As millions of college students enjoy spring break, a respected employment firm gave them an early graduation gift: a report showing that the class of 2006 faces the best labor market in five years. But while the media frequently relay reports from Challenger, Gray, and Christmas, the new report has largely been ignored in the media. Reuters news wire reported on March 20:


Following shortly after a segment discussing a poll showing 59 percent of Americans believe the economy is doing well, CNN's "In the Money" crew wondered why Americans were not scaring easily with fears of a bird flu pandemic. [For article, click here.]



On the Wal-Mart watch: Slate.com wondered "Is Whole Foods Wholesome," in a March 17 posting by The New Yorker's Field Maloney which found a left-wing use for Wal-Mart's constant evolution and innovation to capitalize on market trends and expand revenue. Maloney argued that if not for Wal-Mart's entry into selling organic groceries, "poor" Americans will be doomed by obesity-inducing non-organic, highly-processed foods while "rich" Americans might well shop at boutique organic outlets like Whole Foods.



Have a look at the chart at the bottom and answer one simple question: what's the biggest gasoline-price story over the last six months? Sure looks as if it was the way gasoline prices nose-dived about 80 cents from September to November. Remember all those MSM stories highlighting the plunge? Neither do I.



A new book by veteran New York Times economics reporter Louis Uchitelle calls for a doubling of the minimum wage. “The Disposable American: Layoffs and Their Consequences" goes on sale next week, but judging by the early reviews and official description, it will be faithful to Uchitelle’s liberal reporting on economics and business:



The New Republic has a "by the editors" editorial in the March 20 issue calling on the government to provide "universal health care." No surprise there.



You'd think that of all days, they'd be believers over at Today this morning. After all, they were blessed with presidential poll numbers for which they were surely praying.  Numbers so low that Matt Lauer, Tim Russert et. al could spend an extended first segment reveling in them.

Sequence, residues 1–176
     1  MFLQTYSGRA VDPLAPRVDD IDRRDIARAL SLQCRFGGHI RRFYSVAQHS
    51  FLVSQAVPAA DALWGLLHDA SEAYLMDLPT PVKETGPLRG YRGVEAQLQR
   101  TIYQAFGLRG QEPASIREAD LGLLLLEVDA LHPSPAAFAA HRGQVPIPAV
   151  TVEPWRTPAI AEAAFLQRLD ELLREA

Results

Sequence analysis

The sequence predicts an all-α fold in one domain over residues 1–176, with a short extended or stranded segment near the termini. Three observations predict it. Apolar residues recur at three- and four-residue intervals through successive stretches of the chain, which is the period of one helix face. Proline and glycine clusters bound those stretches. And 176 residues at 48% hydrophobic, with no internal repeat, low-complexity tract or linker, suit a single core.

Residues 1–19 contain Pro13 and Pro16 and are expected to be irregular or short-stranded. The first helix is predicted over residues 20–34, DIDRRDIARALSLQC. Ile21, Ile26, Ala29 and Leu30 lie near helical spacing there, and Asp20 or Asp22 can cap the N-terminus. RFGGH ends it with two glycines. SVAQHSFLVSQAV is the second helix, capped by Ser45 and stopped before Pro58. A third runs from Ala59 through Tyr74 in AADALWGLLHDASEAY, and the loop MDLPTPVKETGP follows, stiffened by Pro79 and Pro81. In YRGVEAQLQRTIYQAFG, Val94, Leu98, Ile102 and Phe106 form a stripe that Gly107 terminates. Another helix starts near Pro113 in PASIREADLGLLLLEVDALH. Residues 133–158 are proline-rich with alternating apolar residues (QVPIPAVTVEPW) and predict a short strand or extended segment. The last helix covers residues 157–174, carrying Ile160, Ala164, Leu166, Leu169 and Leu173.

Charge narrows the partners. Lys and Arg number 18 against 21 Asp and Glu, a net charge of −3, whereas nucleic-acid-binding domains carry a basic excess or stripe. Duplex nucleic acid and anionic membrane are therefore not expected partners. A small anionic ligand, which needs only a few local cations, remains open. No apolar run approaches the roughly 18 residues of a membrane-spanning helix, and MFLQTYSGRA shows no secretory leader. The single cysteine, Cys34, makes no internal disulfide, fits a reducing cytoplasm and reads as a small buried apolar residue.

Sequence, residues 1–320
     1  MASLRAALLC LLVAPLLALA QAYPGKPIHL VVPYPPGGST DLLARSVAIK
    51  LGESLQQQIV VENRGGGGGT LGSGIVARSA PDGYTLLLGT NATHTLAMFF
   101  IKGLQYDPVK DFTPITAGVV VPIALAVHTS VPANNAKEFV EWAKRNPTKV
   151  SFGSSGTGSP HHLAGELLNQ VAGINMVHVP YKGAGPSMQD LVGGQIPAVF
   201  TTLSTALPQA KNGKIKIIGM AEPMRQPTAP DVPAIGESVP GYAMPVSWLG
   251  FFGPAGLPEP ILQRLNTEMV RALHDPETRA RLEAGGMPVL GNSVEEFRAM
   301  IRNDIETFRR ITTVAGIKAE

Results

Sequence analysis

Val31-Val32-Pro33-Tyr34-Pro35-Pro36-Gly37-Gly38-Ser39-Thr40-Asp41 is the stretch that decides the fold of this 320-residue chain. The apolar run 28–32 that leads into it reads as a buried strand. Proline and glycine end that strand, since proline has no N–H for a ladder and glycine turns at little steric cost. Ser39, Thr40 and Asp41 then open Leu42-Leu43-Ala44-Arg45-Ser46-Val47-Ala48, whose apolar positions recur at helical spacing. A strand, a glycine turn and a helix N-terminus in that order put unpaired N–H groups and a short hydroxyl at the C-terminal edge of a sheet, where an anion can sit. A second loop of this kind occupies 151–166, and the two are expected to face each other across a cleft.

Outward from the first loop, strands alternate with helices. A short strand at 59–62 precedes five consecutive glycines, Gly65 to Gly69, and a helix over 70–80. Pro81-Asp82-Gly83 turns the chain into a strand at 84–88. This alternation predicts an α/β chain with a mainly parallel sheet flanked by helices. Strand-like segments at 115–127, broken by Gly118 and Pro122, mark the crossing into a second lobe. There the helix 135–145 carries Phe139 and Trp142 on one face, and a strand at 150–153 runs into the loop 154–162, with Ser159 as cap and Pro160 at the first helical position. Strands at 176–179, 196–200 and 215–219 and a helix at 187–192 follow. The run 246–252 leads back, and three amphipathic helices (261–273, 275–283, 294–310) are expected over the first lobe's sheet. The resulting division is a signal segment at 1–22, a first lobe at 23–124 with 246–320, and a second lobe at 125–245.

Several outlets frown on 243,000 new jobs, but others show improvement in coverage of monthly jobs report.

As good a month as February was for Americans looking for work, some media continued to do a sub-par job of informing the public about the condition of the nation’s labor market – even as almost a quarter of a million new positions were created. Although the overall coverage was better than last month and throughout 2005, some of America’s leading media outlets downplayed the fabulous news released by the Labor Department on March 10, while “The Most Trusted Name in News” largely ignored it.

While Wall Street cheered the great news – the Dow Jones Industrial Average rallied by 104 points after the announcement – ABC and The New York Times weren’t content to allow people to celebrate for very long. Instead, The Times began downplaying the good news in the first sentence of its March 11 article, stating the report was “igniting concerns” on Wall Street “that higher wages could fuel inflation.”

And, though ABC’s “World News Tonight” led with this story on the evening of March 10, it finished its report discussing those still having a hard time finding work, suggesting that this “may account for why 57 percent of Americans in our ABC polling say this economy is bad.”



The average American’s net wealth is the highest in history. More Americans own their home than ever in history. Unemployment is currently lower than the average of the previous three decades. The average weekly pay for non-supervisory production workers has increased by almost 16 percent in the past five years while inflation has risen by 13 percent.



A charismatic anti-American dictator commands a South American country's large state-owned oil reserves and rails frequently against American capitalism, yet the media coverage of his human rights abuses and his threats to the United States ranges from little to none.



NewsBuster Tom Johnson has condensed his time reviewing NPR broadcasts for MRC (poor man) into an article for The American Enterprise magazine. His general theory is that NPR has traveled from a fairly radical past to a present in which it's fairly indistinguishable in its biases from the rest of the "mainstream" media establishment. Here's an excerpt: